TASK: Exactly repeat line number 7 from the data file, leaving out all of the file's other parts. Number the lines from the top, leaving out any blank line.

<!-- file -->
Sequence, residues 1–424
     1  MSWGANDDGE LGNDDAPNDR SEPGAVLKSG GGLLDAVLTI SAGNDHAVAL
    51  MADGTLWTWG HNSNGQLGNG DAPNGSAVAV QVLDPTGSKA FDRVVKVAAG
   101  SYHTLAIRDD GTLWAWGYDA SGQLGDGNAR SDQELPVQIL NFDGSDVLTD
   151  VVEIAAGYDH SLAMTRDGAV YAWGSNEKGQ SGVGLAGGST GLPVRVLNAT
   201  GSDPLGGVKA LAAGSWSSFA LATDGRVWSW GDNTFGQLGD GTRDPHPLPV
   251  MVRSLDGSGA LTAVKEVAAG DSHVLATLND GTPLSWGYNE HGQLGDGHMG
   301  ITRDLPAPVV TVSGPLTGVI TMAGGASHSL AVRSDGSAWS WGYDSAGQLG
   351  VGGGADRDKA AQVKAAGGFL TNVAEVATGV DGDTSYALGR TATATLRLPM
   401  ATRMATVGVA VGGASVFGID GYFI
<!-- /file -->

   251  MVRSLDGSGA LTAVKEVAAG DSHVLATLND GTPLSWGYNE HGQLGDGHMG